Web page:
I have had a good deal of experi-. ence in municipal politics and I have had the support of strong Liberals, but at the same time I have not always had the support of some strong Conservatives. Mr. Gallagher's answer is this :
One of the Reform workers told me he read one of Herrington's letters and he said he had told fifty lies to get rid of the gang and he would not do any more for them unless he was paid $50, and afterwards the fellow said Herrington got him $50 for doing the deed.
I may say that when these papers came down and when these affidavits were presented I sent them up to Mr. Gallagher saying that I wanted him to answer the charges made against him. I did not believe they were true then and I do not now. I will now give you a specimen of the kind of affidavits presented. The first one which I will read is from Isaac McEwen :
Dominion of Canada.
County of Lennox and Addington.
In the matter of Wilton post office.
I, Isaac McEwen, of the township of Ernest-town, in the county of Lennox and Addington, farmer, do solemnly declare : That
1. I know Levi L. Gallagher, postmaster at Wilton.
2. That during the last Dominion election in the county of Lennox the said Levi L. Gallagher took an active part on behalf of the Conservative candidate, Uriah Wilson, and held committee meetings in his house to advance the interests of the Conservative candidate.
And X make this solemn declaration conscientiously believing It to be true.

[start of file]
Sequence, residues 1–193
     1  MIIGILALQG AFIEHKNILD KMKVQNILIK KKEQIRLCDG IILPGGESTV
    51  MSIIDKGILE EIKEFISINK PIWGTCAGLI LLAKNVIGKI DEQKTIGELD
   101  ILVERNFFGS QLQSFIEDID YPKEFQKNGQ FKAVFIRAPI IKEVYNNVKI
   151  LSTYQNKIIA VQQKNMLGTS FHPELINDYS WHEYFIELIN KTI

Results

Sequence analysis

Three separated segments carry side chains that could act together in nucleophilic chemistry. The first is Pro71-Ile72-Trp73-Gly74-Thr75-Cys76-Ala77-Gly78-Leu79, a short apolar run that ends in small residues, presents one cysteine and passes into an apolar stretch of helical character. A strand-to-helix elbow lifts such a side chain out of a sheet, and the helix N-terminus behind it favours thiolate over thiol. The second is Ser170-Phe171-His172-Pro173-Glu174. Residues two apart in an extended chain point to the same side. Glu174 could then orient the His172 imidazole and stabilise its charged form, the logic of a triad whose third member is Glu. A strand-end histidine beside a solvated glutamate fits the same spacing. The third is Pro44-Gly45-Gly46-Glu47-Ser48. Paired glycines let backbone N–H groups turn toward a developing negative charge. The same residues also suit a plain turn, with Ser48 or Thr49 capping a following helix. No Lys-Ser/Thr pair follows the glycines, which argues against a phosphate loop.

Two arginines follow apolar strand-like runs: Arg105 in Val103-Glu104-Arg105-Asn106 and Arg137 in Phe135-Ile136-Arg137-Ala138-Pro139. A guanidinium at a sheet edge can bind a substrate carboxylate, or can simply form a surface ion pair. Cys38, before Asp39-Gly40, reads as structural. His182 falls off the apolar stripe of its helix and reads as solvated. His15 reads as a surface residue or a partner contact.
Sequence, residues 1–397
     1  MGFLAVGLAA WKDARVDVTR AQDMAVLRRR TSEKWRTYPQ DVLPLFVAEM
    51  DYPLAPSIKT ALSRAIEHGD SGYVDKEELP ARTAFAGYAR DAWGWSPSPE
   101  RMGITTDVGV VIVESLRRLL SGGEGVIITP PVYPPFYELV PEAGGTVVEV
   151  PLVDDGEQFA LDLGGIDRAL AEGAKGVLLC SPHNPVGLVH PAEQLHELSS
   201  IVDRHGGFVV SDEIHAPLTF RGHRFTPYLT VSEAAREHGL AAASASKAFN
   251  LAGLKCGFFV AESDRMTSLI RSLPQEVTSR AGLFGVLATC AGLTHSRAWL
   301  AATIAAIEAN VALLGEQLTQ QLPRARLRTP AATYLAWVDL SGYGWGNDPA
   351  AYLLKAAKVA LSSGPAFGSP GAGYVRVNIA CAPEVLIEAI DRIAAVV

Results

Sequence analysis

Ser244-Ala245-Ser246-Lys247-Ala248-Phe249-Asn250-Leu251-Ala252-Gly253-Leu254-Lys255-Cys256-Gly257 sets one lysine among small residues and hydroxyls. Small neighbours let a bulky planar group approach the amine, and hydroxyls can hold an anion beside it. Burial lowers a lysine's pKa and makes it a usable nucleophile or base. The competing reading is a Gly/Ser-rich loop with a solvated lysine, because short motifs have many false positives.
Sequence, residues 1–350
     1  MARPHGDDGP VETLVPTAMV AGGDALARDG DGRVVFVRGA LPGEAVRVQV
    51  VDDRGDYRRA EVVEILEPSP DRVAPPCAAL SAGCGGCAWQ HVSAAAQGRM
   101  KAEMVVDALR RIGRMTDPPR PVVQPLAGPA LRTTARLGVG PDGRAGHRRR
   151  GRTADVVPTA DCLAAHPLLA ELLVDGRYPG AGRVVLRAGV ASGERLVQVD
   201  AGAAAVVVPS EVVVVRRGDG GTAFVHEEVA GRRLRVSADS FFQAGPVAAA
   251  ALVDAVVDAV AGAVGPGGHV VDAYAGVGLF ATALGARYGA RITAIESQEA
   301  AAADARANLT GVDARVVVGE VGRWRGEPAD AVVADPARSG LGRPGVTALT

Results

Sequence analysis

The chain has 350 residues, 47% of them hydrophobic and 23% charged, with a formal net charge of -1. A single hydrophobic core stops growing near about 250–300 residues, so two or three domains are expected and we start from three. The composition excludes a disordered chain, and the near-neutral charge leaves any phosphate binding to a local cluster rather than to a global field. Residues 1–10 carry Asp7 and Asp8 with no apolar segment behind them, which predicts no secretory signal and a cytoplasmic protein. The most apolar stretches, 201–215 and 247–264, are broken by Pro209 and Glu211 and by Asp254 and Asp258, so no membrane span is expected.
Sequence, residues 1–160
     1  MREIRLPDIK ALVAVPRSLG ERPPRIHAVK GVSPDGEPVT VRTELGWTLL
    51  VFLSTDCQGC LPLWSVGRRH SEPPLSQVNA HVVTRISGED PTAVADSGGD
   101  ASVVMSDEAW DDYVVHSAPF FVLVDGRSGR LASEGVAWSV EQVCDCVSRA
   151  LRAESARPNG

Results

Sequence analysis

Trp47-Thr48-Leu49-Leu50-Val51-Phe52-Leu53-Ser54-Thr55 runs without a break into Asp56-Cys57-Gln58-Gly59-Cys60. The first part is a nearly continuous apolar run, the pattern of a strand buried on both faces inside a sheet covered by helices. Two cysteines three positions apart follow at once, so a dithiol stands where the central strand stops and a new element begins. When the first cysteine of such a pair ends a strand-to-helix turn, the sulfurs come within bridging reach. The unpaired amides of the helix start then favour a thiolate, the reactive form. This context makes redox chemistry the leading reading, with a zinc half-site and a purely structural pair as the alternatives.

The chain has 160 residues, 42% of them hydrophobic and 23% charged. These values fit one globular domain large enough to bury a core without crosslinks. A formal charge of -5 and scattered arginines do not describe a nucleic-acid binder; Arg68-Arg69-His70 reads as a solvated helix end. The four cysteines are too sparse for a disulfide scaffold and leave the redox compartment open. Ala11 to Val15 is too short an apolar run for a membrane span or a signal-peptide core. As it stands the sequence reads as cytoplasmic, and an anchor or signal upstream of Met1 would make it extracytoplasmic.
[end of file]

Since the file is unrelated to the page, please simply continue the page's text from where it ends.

Gallagher informs me that McEwen has told him that he never made that declaration, that if he did make it he must have been drunk at the time because he had no recollection of ever having signed any such document as the one I have just read. I may say to the committee that I was in Napa nee on the 10th June. When I was talking with Mr. Henry Allen Baker, exwarden of the county, McEwen came up and said : Mr. Wilson, I understand it has been reported in Ottawa that I have signed a declaration asking for the dismissal of Mr. Gallagher and that I made a statement that he had held committee mettings in the interest of the Conservative party in his house. I know nothing about his having held committee meetings, I never made that declaration and I have nothing to say against Mr. Gallagher. I believe he has made a good postmaster. He also said that Mr. Timmerman had said the same thing. I wrote to the hon. Postmaster General on June 22, 1903, a letter in which I pointed out to him that several of the parties who made the complaints had no dealings with the post office at Wilton, that they got their letters elsewhere. I also pointed out to him that if a charge was made against Mr. Gallagher it was only fair that a copy of the charges should be sent to him and that he should have an opportunity of having an investigation. The answer I got from the Postmaster General was that he had received the letter and would give it fair consideration. I think that had the Postmaster general taken the proper course he would have seen that Mr. Gallagher was given an opportunity of answering the charges made against him, because it is a principle of justice in every British country that a man charged with a crime should not be condemned without a hearing. There were only two charges that in my judgment amounted to anything and when you come to sift them down I do not think they amount to very much. One was that a letter which had been sent on Saturday from Wilton in time to catch the mall for Camden East to Mr. Timmerman asking him to be on hand on Monday to vote for Mr. Clyde for reeve of the township was delayed with the result that it did not reach Timmerman in time. Gallagher said that he did not know whether he made out the bill or not. In any event one of the gentlemen who wanted Mr. Timmerman to come and vote went over and met him on Sunday with the result that he was on hand Monday morning and polled his vote for the candidate of his choice. Here is what Mr. Clyde says about the registered letter : I shall not bother reading his affidavit because what he says in his letter and what he says in his affidavit amount to about the same" thing. Then I shall read Mr. Gallagher's explanation. The hon. Postmaster General ought to deal fairly with Mr. Gallagher because he is a good business man, a popular man in his own section, and an active man. He certainly ought to think twice before dismissing him without a trial. Mr. Clyde says :